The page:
Friday, July 4, 2014

Memes are the new Genes

After Darwin struck upon evolution he kept it pretty much to himself for nearly 20 years; he knew he was on to something big, but also that it would be vehemently opposed. If Wallace hadn’t been about to spill the beans with his similar insight, Charles may have never shared his depth of thought and impressive wealth of supporting evidence.  And although, today, while genetic evolution is about as close to fact as you can get, in the United States just a little over half accept it as probably or certainly true. According to a Gallup  poll two thirds think humans were probably or definitely created in their present form; Some groups (e.g. Republicans) seem to be moving more firmly to that view.

Why would they do that?

Well maybe it’s just not pleasant to think of one’s self coming from the muck, as resulting entirely from a series of errors, as being infused with prehistoric impulses, or as a descendant of an ape, shrew, worm, and sponge and kin to everything alive -- or even not alive -- today.  It’s particularly hard to accept if it makes one question the happier more familiar explanations of human existence.  Evidence for evolution is easy to reject when there are still magical stories to retell.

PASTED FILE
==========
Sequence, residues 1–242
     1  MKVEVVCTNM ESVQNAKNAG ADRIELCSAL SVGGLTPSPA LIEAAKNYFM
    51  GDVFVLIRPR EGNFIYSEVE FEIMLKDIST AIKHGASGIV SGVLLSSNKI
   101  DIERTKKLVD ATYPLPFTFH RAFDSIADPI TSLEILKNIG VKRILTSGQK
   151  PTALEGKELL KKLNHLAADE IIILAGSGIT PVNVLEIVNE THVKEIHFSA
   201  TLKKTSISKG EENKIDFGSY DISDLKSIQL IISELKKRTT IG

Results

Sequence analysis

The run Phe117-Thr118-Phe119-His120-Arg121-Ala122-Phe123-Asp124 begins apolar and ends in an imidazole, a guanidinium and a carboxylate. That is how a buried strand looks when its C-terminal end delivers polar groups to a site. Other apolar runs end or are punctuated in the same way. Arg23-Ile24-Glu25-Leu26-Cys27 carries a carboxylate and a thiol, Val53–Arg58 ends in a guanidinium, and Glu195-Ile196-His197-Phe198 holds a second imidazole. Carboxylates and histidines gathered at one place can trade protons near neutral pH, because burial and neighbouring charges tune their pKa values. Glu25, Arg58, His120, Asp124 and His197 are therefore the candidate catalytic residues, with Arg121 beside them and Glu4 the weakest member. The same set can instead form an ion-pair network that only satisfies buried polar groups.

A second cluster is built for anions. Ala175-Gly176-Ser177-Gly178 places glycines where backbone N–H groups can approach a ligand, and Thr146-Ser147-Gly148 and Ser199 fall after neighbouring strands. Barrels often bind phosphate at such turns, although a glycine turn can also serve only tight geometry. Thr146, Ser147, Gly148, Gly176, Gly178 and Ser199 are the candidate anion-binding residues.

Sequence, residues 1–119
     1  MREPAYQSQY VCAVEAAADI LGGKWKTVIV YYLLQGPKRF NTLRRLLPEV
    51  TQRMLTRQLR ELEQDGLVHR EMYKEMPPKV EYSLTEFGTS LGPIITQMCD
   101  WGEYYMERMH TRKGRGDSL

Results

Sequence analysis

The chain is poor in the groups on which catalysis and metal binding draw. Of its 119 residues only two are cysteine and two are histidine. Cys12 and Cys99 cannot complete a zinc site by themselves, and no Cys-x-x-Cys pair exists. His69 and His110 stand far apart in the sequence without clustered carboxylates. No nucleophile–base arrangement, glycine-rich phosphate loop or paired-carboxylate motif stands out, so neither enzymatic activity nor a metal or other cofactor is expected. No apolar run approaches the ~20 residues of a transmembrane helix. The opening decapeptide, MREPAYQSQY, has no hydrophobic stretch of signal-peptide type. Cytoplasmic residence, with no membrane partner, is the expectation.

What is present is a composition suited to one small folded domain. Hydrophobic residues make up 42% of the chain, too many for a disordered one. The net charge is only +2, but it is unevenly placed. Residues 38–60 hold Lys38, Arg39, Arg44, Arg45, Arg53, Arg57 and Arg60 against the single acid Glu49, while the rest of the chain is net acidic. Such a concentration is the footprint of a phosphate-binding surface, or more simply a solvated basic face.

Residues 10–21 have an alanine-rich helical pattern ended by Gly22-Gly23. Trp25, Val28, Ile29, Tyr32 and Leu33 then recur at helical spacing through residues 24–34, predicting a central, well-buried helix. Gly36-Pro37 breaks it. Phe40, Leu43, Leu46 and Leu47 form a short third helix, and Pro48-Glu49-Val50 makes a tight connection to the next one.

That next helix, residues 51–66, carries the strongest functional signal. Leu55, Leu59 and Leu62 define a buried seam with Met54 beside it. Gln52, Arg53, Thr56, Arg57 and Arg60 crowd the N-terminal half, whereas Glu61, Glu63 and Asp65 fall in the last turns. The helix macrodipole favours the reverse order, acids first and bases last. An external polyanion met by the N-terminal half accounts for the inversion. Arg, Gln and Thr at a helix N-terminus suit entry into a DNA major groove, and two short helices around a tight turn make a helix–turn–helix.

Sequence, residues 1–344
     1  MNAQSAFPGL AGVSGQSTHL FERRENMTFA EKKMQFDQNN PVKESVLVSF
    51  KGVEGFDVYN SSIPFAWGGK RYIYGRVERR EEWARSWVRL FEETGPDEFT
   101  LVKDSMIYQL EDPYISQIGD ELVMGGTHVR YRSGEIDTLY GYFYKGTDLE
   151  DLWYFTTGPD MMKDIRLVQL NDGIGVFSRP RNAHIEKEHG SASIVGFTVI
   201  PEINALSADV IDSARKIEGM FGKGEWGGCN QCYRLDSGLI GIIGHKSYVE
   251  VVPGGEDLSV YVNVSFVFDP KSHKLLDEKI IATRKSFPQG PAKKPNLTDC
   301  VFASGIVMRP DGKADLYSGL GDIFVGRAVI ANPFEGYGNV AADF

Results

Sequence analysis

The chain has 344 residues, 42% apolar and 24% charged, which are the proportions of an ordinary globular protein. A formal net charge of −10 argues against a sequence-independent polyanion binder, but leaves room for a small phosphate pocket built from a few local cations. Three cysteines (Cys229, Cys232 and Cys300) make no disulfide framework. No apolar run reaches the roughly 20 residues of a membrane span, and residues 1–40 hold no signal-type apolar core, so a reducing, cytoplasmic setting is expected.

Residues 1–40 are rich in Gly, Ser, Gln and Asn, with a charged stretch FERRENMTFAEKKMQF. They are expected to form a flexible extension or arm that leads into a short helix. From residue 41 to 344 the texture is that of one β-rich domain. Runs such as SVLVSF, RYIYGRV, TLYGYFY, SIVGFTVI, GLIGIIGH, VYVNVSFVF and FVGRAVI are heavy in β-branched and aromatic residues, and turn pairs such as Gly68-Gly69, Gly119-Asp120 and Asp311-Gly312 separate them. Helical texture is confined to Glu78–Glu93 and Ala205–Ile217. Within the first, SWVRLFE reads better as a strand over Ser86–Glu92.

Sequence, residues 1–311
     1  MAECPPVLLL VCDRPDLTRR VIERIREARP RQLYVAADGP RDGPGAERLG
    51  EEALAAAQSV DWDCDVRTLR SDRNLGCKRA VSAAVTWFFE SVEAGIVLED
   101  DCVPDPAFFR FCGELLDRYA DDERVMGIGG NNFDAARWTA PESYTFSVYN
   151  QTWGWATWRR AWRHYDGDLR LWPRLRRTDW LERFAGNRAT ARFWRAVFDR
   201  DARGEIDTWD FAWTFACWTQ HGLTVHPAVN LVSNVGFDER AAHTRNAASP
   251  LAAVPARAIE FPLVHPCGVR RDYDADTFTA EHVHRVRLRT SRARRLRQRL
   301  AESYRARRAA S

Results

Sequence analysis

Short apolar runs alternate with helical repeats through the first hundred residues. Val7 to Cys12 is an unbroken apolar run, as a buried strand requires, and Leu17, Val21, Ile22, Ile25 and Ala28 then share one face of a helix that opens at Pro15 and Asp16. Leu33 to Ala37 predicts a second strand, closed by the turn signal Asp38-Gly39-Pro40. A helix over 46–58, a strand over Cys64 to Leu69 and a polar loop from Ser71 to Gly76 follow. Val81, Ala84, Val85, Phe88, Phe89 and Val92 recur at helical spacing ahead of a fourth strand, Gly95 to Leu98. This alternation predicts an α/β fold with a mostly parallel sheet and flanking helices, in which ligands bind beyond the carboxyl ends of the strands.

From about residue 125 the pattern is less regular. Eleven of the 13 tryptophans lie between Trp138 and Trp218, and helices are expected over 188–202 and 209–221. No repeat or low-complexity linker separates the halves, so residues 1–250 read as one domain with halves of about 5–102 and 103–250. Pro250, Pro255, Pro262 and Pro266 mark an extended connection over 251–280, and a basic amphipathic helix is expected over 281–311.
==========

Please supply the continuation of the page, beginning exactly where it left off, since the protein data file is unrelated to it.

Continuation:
Given the resistance to something so solidly shown, it’s not surprising to me that memetics has had a rough go too, even though it also has obvious merit and deep implications.  Memetics, you might say, is the new genetics.  It’s like we are in the mid 1800s again, resisting this germ of a huge idea.  

There have been more recent books on the topic, like Tim Tyler’s Memes: The Science of Cultural Evolution (2011)and Brodie's The Virus of the Mind (2011) but I think it will be hard to beat Susan Blackmore’s The Meme Machine (1999) for a solid primer on this mind-bending train of thought.

The word "meme" has even hit popular culture;  I just Binged “Internet Meme” and found 825,000 hits.  But that's just a popular video on YouTube -- it's relevant to memetics, but in a trivial way.  Memes are more than that:: these are ideas that duplicate themselves, jumping from brain to brain.  When you retell a good joke you've heard, have you just used the joke, or has the joke used you? 

But it goes deeper; let me try to intrigue you with something more.